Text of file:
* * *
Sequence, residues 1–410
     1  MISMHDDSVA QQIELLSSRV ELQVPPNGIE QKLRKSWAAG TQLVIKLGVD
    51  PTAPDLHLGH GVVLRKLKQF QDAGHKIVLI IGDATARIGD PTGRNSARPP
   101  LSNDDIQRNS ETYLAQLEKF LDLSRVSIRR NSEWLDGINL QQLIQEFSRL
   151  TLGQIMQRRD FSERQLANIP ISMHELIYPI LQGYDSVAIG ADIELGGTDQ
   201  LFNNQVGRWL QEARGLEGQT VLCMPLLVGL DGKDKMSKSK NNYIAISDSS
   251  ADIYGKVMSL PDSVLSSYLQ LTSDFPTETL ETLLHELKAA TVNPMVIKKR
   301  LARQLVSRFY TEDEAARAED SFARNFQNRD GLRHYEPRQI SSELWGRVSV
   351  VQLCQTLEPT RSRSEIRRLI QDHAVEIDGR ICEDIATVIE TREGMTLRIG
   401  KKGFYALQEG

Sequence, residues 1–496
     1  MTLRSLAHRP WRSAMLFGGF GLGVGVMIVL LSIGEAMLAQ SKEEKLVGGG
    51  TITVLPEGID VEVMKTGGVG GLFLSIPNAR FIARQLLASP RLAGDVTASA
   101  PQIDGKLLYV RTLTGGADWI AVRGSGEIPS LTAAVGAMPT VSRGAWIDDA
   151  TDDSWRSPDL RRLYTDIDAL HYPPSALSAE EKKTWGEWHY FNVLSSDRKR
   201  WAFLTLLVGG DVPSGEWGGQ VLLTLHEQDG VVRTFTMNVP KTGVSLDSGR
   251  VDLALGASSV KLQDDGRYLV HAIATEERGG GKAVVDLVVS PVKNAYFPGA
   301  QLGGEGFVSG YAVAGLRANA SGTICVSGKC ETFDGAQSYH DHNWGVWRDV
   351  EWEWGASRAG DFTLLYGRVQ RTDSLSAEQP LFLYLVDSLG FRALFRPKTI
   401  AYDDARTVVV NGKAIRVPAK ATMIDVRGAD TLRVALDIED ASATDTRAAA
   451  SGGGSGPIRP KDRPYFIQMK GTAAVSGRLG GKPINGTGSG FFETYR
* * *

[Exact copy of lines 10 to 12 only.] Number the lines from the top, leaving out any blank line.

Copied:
   401  KKGFYALQEG

Sequence, residues 1–496
     1  MTLRSLAHRP WRSAMLFGGF GLGVGVMIVL LSIGEAMLAQ SKEEKLVGGG